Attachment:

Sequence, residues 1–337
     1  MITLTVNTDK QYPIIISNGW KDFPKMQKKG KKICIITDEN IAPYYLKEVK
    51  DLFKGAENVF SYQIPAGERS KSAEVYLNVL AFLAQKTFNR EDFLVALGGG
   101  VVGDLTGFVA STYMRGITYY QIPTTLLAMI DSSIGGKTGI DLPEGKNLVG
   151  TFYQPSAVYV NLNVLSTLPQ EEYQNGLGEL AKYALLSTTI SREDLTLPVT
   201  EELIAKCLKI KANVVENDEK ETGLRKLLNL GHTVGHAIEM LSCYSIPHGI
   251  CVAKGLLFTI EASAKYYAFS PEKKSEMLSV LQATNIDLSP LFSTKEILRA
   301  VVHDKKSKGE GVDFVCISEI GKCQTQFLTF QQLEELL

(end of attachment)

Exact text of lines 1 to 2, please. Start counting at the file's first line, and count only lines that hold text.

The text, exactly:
Sequence, residues 1–337
     1  MITLTVNTDK QYPIIISNGW KDFPKMQKKG KKICIITDEN IAPYYLKEVK